Twenty-five years in, local potter Hamilton Williams still is finding new avenues for his creativity.
That will be exemplified with an upcoming 25th anniversary party to launch an exhibition filled with works unlike anything Hamilton Williams Gallery and Studio has featured in the past.
“The exhibition is our new Nautilus collection,” Williams said. “They basically have the general appearance of chambered nautilus vases that are carved into the surface of the pieces that they’re on. It’s kind of a glazed palette that we have evolved just for that body of work. They’re based on ash glazes, which is a category of glazes that use wood ash as a primary ingredient.
“We kind of developed some new things there that haven’t generally been seen before. They’re kind of lighter colors. Ash glazes tend to be fairly dark. They’re often iron-rich, so they tend toward earth tones. But we’ve come up with the very beginnings of a glaze palette lighter in color, more transparent and kind of off-white, which within the industry is kind of a big deal for us.”
The party will be held Friday from 5:30-8 p.m. at the gallery, at 403 E. Union St. in downtown Morganton. Live music will be provided by Todd Greene with Buddy Farler and Antoinette Olesen.
For Williams, celebrating a silver anniversary in pottery means a lot. For a trade that doesn’t necessarily go hand in hand with longevity, a love of the medium and an ability to change up the pace — such as with the Nautilus collection — have kept Williams going even as some of his peers have dropped out.
“It means quite a bit. It doesn’t seem like it should have been 25 years already,” Williams said. “Among potters, there are a lot of professional potters in the state of North Carolina, so we’re kind of a pottery-rich state, and there are lots with longer careers than mine, even. But there’s a large attrition rate. A lot of people starting out about the same time that I did in clay have kind of moved on to do other things. It’s not always the most lucrative profession. So, as people get married and have kids, they try to find more traditional jobs in other industries.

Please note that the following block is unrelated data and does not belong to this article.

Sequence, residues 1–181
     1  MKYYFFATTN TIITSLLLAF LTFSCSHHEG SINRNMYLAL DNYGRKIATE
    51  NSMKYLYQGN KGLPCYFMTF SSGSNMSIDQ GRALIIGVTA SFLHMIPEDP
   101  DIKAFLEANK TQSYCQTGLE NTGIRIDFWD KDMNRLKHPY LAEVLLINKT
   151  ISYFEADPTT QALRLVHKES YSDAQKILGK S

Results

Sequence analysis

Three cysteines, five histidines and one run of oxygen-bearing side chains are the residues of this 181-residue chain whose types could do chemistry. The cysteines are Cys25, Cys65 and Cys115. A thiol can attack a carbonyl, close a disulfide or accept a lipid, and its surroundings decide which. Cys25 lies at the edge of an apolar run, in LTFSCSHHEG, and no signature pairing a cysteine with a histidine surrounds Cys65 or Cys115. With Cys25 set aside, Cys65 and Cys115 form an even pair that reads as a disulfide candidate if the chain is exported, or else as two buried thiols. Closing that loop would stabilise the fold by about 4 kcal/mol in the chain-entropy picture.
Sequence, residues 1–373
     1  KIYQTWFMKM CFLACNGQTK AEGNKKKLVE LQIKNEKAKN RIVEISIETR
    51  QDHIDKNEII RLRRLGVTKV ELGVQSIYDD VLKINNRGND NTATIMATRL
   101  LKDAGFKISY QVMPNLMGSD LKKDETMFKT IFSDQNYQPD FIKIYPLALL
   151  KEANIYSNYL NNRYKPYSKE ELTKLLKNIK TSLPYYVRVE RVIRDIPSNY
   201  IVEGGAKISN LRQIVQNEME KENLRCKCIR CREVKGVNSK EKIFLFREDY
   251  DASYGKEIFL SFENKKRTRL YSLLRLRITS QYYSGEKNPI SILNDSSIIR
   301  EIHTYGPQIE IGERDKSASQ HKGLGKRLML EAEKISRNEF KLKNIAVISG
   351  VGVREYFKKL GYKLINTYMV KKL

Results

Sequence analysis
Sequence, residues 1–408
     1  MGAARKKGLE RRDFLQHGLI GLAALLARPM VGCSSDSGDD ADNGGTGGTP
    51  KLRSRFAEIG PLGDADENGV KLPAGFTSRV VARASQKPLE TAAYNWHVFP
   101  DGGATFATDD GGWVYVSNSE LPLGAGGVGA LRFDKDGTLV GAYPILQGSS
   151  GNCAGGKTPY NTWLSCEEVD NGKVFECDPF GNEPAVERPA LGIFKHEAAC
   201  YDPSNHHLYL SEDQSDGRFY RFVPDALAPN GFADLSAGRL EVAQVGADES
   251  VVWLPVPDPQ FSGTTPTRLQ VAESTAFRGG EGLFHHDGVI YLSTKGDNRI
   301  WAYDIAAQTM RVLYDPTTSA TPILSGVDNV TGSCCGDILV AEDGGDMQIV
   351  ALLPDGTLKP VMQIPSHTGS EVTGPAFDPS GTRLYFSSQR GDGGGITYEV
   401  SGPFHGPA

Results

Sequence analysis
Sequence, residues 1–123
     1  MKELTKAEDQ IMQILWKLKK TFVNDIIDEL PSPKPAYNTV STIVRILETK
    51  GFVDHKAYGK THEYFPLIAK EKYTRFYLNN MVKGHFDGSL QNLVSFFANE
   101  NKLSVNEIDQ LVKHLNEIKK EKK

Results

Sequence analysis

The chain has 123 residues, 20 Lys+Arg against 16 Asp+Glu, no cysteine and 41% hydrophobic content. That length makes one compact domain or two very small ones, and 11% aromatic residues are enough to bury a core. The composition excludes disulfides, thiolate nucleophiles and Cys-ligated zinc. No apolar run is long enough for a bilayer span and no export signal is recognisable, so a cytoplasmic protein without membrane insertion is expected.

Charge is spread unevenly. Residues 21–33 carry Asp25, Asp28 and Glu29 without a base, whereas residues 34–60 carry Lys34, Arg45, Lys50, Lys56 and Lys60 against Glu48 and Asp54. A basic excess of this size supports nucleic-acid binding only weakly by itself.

“We’ve kind of held on and made a good go of it since then. But in 25 years, we have been able to see a lot of changes in the craft industry marketplace that we’ve been able to ride out pretty well and take advantage of, in some cases. Mostly, I just have a love of working with clay as a material. It is such a versatile medium that you can do so many things with it. One of the tricks has been to reinvent every so often.”
When Williams begins to get burnt out, he will do an about-face and tackle a project totally unlike anything he has worked on in the previous few years. The process of tackling a new project leaves him feeling “invigorated” in his clay work.
“That’s kind of what this exhibition event represents,” Williams said. “This Nautilus line is kind of a new direction for us. It’s not anything we’ve ever done before. It differs in color and style from previous bodies of work, so it kind of represents a refresh in my career and for me, creatively and personally.”